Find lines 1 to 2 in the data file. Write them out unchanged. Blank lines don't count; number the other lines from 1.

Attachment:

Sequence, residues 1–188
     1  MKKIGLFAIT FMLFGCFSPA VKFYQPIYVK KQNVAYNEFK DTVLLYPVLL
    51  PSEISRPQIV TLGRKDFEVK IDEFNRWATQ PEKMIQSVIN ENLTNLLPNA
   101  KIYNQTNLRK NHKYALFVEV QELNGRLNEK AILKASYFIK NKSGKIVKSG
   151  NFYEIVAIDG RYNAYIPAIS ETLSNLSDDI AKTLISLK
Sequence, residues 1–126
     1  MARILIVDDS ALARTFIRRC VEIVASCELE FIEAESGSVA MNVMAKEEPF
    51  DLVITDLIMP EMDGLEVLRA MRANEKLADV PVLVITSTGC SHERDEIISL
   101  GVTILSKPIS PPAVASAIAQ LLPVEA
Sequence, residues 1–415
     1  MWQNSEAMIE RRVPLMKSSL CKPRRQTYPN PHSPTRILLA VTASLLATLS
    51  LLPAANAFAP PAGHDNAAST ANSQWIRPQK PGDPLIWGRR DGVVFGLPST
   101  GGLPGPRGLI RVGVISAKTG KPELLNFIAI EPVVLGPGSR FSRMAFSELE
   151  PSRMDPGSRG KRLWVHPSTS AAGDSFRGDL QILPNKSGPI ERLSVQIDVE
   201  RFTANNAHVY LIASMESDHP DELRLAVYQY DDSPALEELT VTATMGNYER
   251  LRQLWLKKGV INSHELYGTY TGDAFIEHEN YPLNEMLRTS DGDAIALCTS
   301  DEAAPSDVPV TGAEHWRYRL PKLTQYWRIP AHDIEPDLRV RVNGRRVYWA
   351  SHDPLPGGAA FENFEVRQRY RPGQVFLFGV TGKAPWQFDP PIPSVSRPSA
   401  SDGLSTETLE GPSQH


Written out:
Sequence, residues 1–188
     1  MKKIGLFAIT FMLFGCFSPA VKFYQPIYVK KQNVAYNEFK DTVLLYPVLL